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Is there a better way to do this command to find strings in a file excluding special characters?

Currently I'm doing:

strings file.abc | grep -v \= | grep -v \] | grep -v \) | more

I'd like to add more special characters so I'm only getting a-z and A-Z in the results.

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2 Answers 2

If you just want to exclude these special characters you can use regular expressions (e.g., PCRE like this:

strings file.abc | grep -Pv "[=\])]"

If you want to display only strings containing some specific characters, you could use grep instead of strings.

The command

grep -Poa "[A-Za-z]{4,}" file.abc

shows all words with of at least four letters.

Here:

  • The -o switch makes grep show only the match (rather than the entire line).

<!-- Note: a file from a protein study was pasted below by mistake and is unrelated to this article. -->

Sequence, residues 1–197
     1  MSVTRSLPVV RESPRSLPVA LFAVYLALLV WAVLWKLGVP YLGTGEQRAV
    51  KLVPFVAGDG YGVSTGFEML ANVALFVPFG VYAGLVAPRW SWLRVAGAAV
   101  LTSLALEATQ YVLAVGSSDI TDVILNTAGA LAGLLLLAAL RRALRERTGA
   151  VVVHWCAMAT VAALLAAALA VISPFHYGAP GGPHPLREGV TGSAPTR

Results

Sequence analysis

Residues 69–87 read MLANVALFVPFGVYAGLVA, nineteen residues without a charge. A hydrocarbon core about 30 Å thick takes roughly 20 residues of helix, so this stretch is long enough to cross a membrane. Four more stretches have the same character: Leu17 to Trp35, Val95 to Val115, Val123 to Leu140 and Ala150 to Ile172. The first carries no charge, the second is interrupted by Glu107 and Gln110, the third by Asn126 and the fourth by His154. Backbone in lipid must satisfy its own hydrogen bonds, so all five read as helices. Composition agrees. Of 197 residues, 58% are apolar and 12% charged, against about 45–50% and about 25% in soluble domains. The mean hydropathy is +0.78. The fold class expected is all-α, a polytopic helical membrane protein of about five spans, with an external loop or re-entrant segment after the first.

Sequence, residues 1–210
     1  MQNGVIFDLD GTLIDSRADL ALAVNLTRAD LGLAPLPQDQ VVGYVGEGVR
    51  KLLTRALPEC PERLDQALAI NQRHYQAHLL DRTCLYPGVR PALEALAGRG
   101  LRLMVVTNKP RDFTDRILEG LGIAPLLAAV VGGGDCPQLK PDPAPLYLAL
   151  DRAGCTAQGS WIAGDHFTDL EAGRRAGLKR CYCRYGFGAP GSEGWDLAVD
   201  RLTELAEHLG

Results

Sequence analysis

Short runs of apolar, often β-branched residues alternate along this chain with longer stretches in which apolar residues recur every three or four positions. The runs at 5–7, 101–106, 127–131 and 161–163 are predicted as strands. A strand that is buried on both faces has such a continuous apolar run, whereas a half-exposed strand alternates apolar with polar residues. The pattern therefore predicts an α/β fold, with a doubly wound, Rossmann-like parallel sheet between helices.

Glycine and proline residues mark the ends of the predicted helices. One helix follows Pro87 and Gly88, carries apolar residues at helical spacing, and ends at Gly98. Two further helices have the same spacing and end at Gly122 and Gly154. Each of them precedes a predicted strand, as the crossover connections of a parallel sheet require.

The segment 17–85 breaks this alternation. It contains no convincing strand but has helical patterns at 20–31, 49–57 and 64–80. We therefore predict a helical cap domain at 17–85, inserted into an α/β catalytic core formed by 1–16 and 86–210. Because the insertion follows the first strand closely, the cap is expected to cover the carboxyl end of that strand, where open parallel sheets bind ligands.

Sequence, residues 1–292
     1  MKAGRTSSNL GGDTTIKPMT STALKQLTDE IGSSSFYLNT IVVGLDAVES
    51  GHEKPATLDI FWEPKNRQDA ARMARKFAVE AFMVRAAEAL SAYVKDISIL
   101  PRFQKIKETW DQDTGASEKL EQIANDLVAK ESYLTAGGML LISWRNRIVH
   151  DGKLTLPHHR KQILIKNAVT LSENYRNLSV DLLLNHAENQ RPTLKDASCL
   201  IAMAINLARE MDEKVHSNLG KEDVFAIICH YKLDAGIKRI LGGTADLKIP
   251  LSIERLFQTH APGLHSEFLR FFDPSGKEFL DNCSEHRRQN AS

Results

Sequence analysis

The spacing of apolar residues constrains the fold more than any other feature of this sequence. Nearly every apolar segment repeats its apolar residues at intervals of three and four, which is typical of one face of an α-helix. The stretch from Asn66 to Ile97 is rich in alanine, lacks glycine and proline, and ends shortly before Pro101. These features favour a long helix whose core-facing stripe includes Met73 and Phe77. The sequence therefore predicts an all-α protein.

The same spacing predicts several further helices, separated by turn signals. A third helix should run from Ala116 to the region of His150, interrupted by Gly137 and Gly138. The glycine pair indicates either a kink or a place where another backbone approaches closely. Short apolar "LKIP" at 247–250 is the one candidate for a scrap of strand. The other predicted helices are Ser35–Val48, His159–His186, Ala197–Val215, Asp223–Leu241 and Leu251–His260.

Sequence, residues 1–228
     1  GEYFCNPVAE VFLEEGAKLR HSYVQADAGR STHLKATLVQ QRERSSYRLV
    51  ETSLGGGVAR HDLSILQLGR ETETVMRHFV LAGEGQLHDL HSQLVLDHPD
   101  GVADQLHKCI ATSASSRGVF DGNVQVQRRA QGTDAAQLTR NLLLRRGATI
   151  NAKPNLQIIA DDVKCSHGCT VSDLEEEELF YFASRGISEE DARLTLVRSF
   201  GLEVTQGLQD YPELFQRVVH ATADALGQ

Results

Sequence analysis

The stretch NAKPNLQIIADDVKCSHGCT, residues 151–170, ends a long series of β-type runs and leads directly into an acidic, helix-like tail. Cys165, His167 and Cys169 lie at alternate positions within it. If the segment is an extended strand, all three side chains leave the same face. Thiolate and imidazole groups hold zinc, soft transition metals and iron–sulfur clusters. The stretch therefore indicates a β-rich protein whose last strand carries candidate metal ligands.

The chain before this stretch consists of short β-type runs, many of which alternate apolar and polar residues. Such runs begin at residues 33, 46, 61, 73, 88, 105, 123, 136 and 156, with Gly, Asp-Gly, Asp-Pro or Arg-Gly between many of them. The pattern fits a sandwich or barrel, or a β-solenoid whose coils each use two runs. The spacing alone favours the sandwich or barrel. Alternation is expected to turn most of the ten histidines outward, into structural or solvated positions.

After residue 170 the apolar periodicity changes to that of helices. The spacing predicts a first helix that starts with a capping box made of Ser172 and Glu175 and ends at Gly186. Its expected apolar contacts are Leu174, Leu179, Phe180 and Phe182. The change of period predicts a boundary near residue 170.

• The -a switch forces treating a binary file as a text file.
  • The PCRE [A-Za-z]{4,} matches four or more consecutive letters.

    Four is the default number that strings uses. Adjust as needed.

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How about

strings file.abc | grep '^[A-Za-z]*$'

?

That will give you only lines consisting only of letters.

Actually, you probably want lines containing only one or more sequences of letters; i.e., lines containing letters and spaces.  If that’s what you want, do

strings file.abc | grep '^[A-Za-z ]*$'

with a space after the z.  If you decide that you want to include any other characters, put them inside the brackets.  (Warning: some characters will be tricky, such as the quote character itself, ', and the right bracket, ].)

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